The media certainly seemed to agree, with pundits on every side of the political spectrum arguing over what the death of a pulp character created to battle the Axis powers during World War II meant to the nation's zeitgeist.

The Daily News story had been in the works for a few months, said Gabriel, but Marvel didn't get the final word that it was running until the night before, around 9 p.m. "We were also told, if the story was mentioned anywhere on the Internet that [the Daily News] would pull the story immediately and it would not get coverage," he said.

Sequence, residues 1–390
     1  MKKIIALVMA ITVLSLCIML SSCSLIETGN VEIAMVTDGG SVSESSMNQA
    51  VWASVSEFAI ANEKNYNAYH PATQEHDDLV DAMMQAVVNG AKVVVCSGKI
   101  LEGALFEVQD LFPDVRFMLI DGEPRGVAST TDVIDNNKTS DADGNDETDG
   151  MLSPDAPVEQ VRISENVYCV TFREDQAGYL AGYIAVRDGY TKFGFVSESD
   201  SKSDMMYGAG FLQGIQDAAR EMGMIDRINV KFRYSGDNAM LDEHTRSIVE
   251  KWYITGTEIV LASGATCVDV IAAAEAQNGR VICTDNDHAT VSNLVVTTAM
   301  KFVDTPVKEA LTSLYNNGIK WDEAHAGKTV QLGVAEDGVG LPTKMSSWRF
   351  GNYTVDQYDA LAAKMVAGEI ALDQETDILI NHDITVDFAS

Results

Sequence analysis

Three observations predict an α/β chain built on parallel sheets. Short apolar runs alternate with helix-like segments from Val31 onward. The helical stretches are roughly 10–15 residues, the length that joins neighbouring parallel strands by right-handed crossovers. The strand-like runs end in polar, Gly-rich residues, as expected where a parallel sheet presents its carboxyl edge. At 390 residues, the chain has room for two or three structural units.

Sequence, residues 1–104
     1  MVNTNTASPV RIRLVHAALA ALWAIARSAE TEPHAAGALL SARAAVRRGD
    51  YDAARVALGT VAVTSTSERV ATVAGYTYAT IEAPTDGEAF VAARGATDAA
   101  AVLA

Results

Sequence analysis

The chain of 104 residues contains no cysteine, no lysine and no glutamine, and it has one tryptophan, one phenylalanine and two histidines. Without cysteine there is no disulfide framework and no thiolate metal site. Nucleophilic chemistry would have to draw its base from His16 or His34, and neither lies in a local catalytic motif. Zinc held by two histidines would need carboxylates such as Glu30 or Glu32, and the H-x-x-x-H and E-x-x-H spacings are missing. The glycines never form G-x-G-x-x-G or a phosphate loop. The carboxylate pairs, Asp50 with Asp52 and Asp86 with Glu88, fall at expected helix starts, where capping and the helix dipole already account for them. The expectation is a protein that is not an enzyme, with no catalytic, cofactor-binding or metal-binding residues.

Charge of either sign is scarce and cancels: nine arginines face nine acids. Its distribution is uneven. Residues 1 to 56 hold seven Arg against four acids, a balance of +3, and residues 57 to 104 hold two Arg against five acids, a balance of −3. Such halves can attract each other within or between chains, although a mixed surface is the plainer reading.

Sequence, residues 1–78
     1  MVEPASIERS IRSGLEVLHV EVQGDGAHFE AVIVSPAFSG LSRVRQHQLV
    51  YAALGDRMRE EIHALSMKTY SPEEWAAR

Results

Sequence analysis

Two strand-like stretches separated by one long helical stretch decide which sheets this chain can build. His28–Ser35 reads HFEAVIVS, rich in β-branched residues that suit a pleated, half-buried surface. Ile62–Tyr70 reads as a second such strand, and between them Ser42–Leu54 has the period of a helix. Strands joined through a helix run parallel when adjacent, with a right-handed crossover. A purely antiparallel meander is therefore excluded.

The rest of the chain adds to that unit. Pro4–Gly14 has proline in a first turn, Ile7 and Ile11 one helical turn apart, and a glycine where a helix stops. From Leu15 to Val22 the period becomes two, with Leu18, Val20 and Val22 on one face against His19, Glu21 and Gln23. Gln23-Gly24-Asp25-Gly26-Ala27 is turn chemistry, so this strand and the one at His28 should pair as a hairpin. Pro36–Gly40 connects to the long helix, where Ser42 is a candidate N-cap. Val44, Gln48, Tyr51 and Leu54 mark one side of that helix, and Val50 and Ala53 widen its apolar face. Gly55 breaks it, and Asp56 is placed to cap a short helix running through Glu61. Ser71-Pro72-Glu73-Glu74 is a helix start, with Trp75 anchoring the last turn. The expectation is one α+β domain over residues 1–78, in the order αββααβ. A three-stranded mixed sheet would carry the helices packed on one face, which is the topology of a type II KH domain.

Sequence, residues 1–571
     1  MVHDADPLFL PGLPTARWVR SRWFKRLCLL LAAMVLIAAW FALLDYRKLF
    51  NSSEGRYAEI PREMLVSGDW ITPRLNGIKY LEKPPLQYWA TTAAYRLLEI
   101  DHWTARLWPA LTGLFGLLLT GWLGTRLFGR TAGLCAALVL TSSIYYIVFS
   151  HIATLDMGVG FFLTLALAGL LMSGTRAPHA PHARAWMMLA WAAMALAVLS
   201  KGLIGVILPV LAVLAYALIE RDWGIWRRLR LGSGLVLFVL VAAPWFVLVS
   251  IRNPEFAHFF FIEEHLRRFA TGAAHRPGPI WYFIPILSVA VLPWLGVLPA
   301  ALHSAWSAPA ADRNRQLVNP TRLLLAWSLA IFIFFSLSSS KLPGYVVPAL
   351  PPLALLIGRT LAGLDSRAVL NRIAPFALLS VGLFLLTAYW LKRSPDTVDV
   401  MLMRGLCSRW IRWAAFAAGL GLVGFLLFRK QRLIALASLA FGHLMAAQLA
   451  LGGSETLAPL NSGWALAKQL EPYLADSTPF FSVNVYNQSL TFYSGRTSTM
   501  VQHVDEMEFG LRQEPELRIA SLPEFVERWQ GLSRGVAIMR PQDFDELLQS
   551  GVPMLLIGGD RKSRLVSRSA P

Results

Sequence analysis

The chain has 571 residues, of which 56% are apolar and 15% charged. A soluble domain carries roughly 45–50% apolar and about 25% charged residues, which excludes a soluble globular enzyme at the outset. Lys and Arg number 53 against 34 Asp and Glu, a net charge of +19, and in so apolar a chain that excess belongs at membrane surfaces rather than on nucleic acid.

As soon as the story broke, it was picked up everywhere, at CNN, ABC, the front page of the online New York Times and Stephen Colbert's "The Word" segment on The Colbert Report, among others . "It's easy to say we were brilliant and planned every story," said Gabriel. "But we were just lucky there wasn't much other news that day."

The media attention led to a surge of interest from fans and people simply caught up in the dramatic news. "It was pandemonium," said Gerry Gladston, co-owner of Manhattan's Midtown Comics. "A madhouse, one of our busiest days ever." The shop ordered very heavily and still had copies as of Thursday, but "we did not have enough," said Gladston. Rick Lowell, owner of Casablanca Comics in Portland, Maine, had ordered aggressively as well, but he also sold out.